No, they aren’t really angry with us for opposing the new Treaty for Fiscal Union. The reason our brother and sister Europeans are so chronically enraged with the British is that we have been proved completely right about the euro. For more than 20 years, British ministers have been coming out to Brussels and saying that they just love all this single-market stuff, but that they doubt the wisdom of trying to create a monetary union. And for more than 20 years, some of us have been saying that the reason a monetary union won’t work is that you can’t do it without a political union – and that a political union is not democratically possible.

We warned that you would need a kind of central Euro-government to control national budgets and taxation, and that the peoples of Europe wouldn’t wear it. Now look. It wasn’t the Anglo-Saxon bankers who caused the trouble in the eurozone, Sarkozy mon ami. It was the utter failure of the eurozone countries – starting with France, incidentally – to observe the Maastricht rules. It was the refusal of the Greeks to control their spending or to reform their social security systems. In Greece and Italy, the democratic leaders have been effectively deposed in the hope of appeasing the markets and saving the euro; and what makes the leaders of the eurozone countries even more furious is that it doesn’t seem to be working.

Boris Johnson is absolutely right about this.  It’s damned-well time somebody said it.  Britain shouldn’t fear being cut out of Europe at this point.  They should call it “Independence Day” and celebrate.  In my view, the sooner they can dis-entangle themselves from the entire fiasco, the greater their chances of avoiding at least some of the calamity that will ruin the continent.  I only wish our own leaders here in the US would do the same.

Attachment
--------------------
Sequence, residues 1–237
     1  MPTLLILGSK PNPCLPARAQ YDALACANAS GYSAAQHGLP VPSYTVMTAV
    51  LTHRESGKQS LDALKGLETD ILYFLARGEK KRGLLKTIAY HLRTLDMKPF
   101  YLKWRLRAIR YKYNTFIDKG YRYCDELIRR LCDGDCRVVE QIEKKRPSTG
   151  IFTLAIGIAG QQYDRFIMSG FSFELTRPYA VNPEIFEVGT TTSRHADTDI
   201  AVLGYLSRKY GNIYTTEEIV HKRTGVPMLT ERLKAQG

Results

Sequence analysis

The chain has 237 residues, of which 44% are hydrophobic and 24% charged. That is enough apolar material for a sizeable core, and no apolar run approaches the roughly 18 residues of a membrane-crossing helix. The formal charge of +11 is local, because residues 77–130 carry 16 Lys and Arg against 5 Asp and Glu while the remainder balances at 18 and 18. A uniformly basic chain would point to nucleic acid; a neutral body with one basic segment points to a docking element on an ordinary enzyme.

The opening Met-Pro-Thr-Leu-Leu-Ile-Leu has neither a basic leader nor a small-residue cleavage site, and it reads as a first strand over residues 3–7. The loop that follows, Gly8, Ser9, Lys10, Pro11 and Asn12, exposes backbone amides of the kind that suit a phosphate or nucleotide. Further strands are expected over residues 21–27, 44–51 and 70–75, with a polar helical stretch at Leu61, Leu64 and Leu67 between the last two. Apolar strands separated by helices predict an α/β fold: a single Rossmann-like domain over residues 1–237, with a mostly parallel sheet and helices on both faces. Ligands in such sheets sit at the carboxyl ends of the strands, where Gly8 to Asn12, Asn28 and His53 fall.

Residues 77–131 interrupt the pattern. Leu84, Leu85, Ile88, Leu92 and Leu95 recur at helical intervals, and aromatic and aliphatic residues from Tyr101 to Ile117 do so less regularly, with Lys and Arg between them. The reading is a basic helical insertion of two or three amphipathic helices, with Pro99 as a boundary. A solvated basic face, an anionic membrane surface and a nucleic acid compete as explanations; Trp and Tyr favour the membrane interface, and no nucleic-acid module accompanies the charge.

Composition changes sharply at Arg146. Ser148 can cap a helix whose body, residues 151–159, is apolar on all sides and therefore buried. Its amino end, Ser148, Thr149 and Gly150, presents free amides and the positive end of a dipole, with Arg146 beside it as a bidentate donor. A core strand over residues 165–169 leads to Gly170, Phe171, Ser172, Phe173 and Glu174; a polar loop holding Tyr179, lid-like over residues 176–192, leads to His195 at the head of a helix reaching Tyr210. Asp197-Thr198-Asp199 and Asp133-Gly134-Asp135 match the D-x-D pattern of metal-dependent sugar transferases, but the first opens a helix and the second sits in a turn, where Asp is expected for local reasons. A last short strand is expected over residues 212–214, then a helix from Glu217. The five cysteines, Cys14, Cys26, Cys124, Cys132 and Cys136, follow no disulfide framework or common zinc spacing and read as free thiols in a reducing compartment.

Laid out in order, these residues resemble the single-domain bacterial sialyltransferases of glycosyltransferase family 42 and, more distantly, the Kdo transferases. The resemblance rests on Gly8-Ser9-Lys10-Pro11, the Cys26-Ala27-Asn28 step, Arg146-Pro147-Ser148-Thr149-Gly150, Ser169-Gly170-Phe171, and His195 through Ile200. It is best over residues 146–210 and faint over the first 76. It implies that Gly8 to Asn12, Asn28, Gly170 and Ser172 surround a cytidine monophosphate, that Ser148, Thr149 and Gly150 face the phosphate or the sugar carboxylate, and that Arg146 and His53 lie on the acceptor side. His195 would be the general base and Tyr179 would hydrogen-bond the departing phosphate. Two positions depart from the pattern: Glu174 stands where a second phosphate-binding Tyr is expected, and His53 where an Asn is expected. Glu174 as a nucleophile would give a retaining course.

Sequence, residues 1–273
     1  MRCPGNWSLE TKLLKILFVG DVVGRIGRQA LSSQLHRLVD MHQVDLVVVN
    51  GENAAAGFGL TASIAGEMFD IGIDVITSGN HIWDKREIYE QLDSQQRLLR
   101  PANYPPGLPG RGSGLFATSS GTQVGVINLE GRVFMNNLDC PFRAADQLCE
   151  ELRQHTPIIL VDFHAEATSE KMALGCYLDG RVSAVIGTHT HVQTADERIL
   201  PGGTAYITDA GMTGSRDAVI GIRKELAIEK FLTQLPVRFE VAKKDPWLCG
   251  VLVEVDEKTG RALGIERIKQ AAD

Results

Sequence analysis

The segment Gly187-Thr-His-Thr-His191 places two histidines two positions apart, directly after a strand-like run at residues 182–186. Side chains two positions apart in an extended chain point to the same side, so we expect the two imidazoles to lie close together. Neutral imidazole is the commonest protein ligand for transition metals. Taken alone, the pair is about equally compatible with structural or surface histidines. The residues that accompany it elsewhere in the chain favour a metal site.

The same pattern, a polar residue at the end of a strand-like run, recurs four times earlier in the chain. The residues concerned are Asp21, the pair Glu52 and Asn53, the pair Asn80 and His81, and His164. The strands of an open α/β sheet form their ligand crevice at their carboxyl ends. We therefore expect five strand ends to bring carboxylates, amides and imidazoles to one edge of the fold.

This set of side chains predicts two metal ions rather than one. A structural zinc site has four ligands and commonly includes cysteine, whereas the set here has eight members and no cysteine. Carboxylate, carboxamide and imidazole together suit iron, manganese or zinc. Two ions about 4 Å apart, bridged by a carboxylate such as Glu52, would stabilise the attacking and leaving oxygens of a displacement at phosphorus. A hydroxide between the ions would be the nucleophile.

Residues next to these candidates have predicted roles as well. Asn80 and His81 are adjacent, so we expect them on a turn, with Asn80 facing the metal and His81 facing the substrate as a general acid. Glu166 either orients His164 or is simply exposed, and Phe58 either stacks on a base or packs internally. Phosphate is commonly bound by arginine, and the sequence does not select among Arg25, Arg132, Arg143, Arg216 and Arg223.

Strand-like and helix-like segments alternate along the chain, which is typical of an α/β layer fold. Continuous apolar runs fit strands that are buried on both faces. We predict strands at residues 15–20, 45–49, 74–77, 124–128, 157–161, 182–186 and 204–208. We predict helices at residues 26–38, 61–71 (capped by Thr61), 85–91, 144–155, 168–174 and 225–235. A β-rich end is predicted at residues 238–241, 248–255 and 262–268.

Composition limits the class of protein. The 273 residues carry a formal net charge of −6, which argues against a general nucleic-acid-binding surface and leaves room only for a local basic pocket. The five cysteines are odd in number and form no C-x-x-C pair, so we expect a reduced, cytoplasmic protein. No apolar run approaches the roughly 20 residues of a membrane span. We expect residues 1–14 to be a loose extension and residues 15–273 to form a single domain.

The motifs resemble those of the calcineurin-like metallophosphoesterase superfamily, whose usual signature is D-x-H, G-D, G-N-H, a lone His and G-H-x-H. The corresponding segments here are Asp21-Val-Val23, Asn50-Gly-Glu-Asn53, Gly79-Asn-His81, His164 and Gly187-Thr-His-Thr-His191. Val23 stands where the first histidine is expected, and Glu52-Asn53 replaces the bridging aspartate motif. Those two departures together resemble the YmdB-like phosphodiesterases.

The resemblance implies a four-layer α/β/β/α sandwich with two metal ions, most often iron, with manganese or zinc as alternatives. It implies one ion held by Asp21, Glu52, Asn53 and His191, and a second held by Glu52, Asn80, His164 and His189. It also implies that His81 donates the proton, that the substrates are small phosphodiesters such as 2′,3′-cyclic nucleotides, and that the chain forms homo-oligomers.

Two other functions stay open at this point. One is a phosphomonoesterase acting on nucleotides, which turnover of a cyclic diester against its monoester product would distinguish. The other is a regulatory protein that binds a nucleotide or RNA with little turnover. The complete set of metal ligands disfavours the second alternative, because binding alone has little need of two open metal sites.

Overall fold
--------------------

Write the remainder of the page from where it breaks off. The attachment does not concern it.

Note: In the US, by mid-afternoon Monday, the Dow was off more than 200 points, or roughly 1.7%, on fears about the continuing European crisis.

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European Union Headed For Collapse?

Monday, October 24th, 2011

Beginning of the End?

In the UK’s Parliament, David Cameron is trying to stave off a revolt of the conservative party, as at least 60 members are aboard with the idea of putting up a referendum on leaving the EU.  As a way to head them off, Cameron is hoping to exact some EU treaty re-writes that will return some autonomy to the UK in the matters of social laws and employment.  At the moment, he doesn’t seem to be making any headway, and a revolt against his proposal seems likely.  At the same time, French President Nicolas Sarkozy has told Cameron that he’s sick of the UK telling the rest of the EU what to do, since the British “hate the Euro.”  If you haven’t figured out what’s at the root of all of this, let me help to explain:  The EU is on the brink of complete and utter destruction, and the Eurozone is likely to fails, since neither Greece(immediately) nor Italy(just over the horizon) seem likely to stave off default on their sovereign debt.  Yesterday, I related to you the story of Angela Merkel of Germany chastising Italy over its debt-to-GDP ratio, as she’s looking over the immediate horizon and can see the trouble brewing in Italy, but now France has joined in the pressuring of Italy.  The EU is in deep trouble just now and it looks like the beginning of the end.

Some see this as empowering the US, but any such bubble will be short-lived, as while power in Europe is likely to become decentralized in the short run, in the US, a collapse of our markets and our banking system may not be too far away as I reported Saturday and Sunday.  Our current state of economic and financial affairs leverages strongly against any lasting leadership role, because we’re in debt very nearly on par with Italy, and if we fold, the rest of the world will follow.  The problem at the moment for the US is that we’ve stuck our necks out on behalf of the Europeans via the Federal Reserve and the International Monetary Fund to an extent that we are now firmly tied to their fate.  If they fall, so will we, but the question remains: How far, and how fast?

If we had wise political leadership, they would demand that we stop sticking our neck out on behalf of the Eurozone.  Yes, if they fail, it will hurt us too, but the more we increase our stake, the greater our eventual losses, and the greater the damage will be here at home.  If the EU winds up dissolving at some future date, it will be a potential boon to American economic might, but in the short run, it will have dire effects on our capital markets.  The point to be understood is that I can’t imagine a way that Europe fetches this one from the fire, as the UK’s reluctance signals.  If the British do not wish to stick their necks out, I can’t imagine a reason on Earth that we should be so-inclined.